Audacious

Arlo Jake Lagmay, Natalie Corman

The artist who is not afraid to take a risk. The one who is ready to fail and grow from their failure. The one who tries and succeeds. Art is bold from the ground up.
Art is an experiment, challenging the extremities by merging the opposites.
Human and nature, masculine and feminine, blurring and contrast are used to create audacious pieces of art.
Art which is focused on color, shape and reality.

Two artists explore the idea of boldness in the month of April in Eleven Ten Studio.
Natalie Corman has created a series of colorful, bold insects. For her, nature is like religion. Fascinating, unbelievably beautiful. She points out how we, as humans, often overlook their beauty and the important role they play in the world.
Arlo Jake Lagmay, with his architecture background, explores the word "idea".
Merging abstract and figurative techniques into one cohesive piece of art.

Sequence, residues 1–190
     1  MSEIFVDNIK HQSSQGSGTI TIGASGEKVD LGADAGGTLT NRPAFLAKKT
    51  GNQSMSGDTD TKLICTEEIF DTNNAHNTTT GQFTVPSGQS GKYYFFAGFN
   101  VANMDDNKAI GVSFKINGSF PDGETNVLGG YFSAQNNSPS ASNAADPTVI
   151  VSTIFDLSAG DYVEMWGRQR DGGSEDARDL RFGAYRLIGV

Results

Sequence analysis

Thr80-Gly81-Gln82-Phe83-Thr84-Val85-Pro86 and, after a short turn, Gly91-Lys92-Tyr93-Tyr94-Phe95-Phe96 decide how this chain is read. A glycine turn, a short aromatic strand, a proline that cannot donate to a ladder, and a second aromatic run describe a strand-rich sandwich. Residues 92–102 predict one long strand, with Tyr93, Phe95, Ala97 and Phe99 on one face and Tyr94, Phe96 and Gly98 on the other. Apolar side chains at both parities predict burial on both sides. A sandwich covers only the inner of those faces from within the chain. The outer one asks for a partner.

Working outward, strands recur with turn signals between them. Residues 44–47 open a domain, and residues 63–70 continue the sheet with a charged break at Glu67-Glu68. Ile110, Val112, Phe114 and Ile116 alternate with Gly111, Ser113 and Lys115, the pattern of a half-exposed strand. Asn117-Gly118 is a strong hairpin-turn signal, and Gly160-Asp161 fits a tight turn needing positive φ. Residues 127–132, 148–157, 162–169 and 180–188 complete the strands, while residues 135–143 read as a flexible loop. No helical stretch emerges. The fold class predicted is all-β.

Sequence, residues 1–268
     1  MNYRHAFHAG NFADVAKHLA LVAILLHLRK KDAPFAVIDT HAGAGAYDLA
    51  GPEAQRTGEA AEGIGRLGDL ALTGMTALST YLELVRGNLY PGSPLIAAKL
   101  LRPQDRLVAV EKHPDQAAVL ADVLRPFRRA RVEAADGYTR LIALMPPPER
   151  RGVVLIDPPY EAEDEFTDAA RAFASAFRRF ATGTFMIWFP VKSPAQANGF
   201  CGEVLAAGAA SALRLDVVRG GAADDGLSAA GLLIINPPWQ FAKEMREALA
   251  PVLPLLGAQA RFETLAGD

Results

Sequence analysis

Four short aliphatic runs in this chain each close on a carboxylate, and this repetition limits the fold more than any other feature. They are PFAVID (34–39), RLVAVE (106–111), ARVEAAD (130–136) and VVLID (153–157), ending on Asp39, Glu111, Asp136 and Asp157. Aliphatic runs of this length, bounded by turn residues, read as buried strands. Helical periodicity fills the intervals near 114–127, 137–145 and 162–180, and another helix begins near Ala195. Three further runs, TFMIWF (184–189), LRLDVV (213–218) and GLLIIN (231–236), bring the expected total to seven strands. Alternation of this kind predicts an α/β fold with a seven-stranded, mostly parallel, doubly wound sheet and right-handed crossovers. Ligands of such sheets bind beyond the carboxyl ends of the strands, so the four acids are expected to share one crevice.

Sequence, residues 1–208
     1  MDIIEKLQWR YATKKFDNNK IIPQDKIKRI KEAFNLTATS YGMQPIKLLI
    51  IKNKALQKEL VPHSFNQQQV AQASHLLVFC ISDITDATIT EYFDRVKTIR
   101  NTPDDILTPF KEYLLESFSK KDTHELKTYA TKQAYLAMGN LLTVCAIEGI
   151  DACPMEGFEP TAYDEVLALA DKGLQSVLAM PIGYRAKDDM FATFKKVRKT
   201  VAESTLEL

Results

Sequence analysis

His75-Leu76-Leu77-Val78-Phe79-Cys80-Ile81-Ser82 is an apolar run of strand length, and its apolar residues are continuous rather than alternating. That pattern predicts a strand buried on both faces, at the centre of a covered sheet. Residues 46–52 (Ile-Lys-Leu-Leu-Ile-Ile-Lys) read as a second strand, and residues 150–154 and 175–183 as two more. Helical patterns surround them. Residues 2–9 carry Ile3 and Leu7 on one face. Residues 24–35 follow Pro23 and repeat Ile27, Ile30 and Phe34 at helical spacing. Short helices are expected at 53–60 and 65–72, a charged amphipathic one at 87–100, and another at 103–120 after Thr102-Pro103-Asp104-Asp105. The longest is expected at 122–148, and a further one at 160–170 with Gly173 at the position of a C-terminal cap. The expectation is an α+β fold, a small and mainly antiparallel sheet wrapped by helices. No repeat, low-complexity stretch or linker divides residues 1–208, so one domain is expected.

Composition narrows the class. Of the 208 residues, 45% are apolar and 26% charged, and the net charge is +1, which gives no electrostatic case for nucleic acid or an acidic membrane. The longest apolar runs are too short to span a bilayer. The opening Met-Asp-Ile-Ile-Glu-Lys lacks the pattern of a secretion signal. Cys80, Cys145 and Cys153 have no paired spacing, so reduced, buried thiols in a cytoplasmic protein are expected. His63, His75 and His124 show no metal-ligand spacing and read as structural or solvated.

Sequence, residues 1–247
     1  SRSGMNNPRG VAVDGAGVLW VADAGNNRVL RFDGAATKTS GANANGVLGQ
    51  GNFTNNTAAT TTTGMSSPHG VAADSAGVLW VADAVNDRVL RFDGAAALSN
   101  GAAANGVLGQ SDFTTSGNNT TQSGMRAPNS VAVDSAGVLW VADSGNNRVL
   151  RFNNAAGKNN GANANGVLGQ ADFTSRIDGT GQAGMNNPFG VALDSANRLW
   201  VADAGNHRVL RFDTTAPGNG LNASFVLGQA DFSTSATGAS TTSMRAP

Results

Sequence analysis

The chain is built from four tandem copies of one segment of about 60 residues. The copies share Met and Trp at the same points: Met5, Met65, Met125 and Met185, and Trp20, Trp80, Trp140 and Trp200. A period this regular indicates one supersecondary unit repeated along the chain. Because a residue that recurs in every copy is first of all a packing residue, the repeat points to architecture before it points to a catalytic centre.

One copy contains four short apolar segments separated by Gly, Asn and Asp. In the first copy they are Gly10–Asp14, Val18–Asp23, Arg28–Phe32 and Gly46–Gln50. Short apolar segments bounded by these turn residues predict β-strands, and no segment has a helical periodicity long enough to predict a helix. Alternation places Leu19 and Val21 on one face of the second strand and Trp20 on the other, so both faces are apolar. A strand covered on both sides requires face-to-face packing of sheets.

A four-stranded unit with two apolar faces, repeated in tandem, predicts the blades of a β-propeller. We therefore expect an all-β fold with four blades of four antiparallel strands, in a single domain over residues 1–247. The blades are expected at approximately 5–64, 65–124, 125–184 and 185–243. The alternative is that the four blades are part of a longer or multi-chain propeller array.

Reminding us that opposites are what this world is made of.

Where are you from

Alba de Zanet, Borbala Eszteri, Natacha di Nucci

We are truly living in a very unique time in the history of our civilization, facing several simultaneous challenges and converging crises:
a deteriorating environment, a very unequal distribution of dwindling resources, widespread poverty, wars, climate change, oppression of many peoples, and dissatisfaction with life even in those countries with a surplus of material wealth.
No wonder artists through their work ask existential questions:
Where are we from? Where are we going? Who are we?
All of these phrases are fundamental to how we individuall and collectively make meaning.

The answers to such questions are certainly not simple, and you will not find them here.
Artists main purpose is to create, to discover and to explore and viewer role is to interpret and draw conclusions.
Together we make a perfect whole and can grow up from now on.

Awakenings

Maëlle Gourlan

"The Gods in us" is a portrait series of different archetypes made from 2021 until 2023 aiming to empower us from within by remembering our potential. Five of the paintings are feminine energies each expressing themselves in their own unique ways. The archetype of Bouddha is painted twice to honor the power of meditation as an Art process and philosophy.